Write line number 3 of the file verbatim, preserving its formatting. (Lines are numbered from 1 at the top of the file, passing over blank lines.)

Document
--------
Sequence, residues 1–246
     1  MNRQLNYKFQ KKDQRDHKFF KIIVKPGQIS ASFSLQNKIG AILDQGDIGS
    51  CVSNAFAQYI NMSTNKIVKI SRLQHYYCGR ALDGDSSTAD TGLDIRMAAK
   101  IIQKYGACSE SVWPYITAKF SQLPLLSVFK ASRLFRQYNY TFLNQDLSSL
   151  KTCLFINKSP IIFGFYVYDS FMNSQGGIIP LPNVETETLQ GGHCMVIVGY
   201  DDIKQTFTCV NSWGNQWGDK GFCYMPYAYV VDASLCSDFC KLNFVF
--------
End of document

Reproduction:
    51  CVSNAFAQYI NMSTNKIVKI SRLQHYYCGR ALDGDSSTAD TGLDIRMAAK